Roving UHub photographer Christine Beaton came upon this scene where the B Line curves along with Comm. Ave. in Packards Corner around 12:30 a.m.
The MBTA is apologizing for delays of up to 10 minutes on the Red Line's Ashmont branch due to a train that suddenly took ill and had to be taken out back at Shawmut - not to be confused with an earlier train that caused similar problems that had to be stricken from the roster at Fields Corner.
This woman moved around the upper busway at Forest Hills this afternoon, proclaiming the end was no longer nigh, it was here. She spent some time on the sidewalk and some time in the busway itself, proclaiming a warning or promise to people who mostly tuned her out. At one point, she stood at the edge of the 36/37 berth and continued to give witness even after both buses left and the berth was completely empty.
The MBTA reports delays of up to 15 minutes on the Braintree branch of the Red Line, due to a track fire at Quincy Center.
Every weekday between 5 and 9 a.m. for the next month, Washington Street will have a lane set aside for just buses and bicycles between Roslindale Square and Forest Hills, to let transportation planners gauge whether the idea could work permanently. Read more.
The MBTA reports Red Line delays of up to 30 minutes because an inbound train is experiencing "a mechanical problem" approaching Harvard.
Around 7 a.m., tracks on the Orange Line burst into flames at Downtown Crossing, creating delays of up to 30 minutes as power was shut to let Boston firefighters do what they do best.
The MBTA reports dead trains aplenty on the E Line past Brigham Circle, and is advising riders to try to squish onto a 39 bus instead, at least until 7 p.m.
Like a horse refusing to enter a stable, a train about to enter Alewife decided nuh uh, and now the MBTA reports delays on the Red Line of up to 25 minutes as "official works to move the train into the station." Try sugar cubes?
Shortly after 11:30 a.m., the Orange Line came to a halt so a T employee could extinguish the trash that burst into flames between Malden Center and Wellington.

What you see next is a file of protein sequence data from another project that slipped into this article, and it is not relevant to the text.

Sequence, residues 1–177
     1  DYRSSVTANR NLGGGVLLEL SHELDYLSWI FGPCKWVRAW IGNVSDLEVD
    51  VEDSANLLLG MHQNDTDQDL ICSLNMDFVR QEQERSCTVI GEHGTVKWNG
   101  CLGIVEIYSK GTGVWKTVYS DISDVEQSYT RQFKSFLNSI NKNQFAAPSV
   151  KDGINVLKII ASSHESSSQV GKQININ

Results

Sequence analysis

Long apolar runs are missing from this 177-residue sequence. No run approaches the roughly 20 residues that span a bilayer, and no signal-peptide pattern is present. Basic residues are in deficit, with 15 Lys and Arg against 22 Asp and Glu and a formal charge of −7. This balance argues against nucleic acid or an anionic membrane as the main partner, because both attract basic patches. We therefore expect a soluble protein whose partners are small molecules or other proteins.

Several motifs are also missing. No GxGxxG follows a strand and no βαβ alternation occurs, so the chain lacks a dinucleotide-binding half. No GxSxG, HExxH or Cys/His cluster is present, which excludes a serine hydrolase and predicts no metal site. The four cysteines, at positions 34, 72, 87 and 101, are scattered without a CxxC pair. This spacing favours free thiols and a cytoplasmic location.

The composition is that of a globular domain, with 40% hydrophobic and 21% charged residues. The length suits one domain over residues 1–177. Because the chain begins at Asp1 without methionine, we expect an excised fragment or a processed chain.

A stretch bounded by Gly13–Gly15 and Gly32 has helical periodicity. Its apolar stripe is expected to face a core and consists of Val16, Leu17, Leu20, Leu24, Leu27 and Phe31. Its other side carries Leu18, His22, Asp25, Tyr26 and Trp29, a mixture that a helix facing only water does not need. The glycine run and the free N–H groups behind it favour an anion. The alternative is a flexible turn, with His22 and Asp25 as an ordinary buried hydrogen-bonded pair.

In 1892, a state commission developed a series of plans to deal with the complete gridlock that downtown Boston had become. It proposed banning vehicles not making deliveries from downtown streets during business hours, reducing the number of grade crossings for the numerous railroad serving Boston, constructing a trolley tunnel under Tremont Street and the Common, and creating a 13.4-mile elevated rapid-transit system serving downtown and nearby neighborhoods and suburbs. Read more.
Alight is a startup by some MIT grad students who think they have a bus-schedule app that could turn into a bus online community. Their app (currently just Android) will let you see when the next bus is coming - and then, as you ride, tell you stories about the buildings and places you pass. Read more.
The T had been planning to run buses instead of Orange Line trains between Forest Hills and Jackson Square for track work this weekend, but canceled that when it learned the 40th annual Wake Up the Earth festival was scheduled for Saturday, basically spreading out from the Stony Brook T stop. So look for regular Orange Line service instead.
Signal problems at Wellington are jamming up Orange Line platforms as trains slow to a crawl. David Christopher reports he's at Wellington, where he watched helplessly as two completely full trains pulled in and then left, with no room for anybody to get on.
Looks like the T will have to put another zero up on those [X] Days Since Last Orange Line Fire in JP" signs again: There was a track fire between Jackson Square and Stony Brook - well less than 24 hours after the last track fire on that stretch of the Orange Line. The fire is out, the firefighters are gone and service has resumed, but with residual delays of 10 to 15 minutes the T advises.
At yesterday's meeting of the MassDOT Board of Directors, MassDOT reiterated its plan to spend $500M to rebuild the Mass Pike in Allston and build a rail yard for midday commuter rail train storage.
New bus and rail transit services are not included in the project's first two phases, but are anticipated for the year 2040. Read more.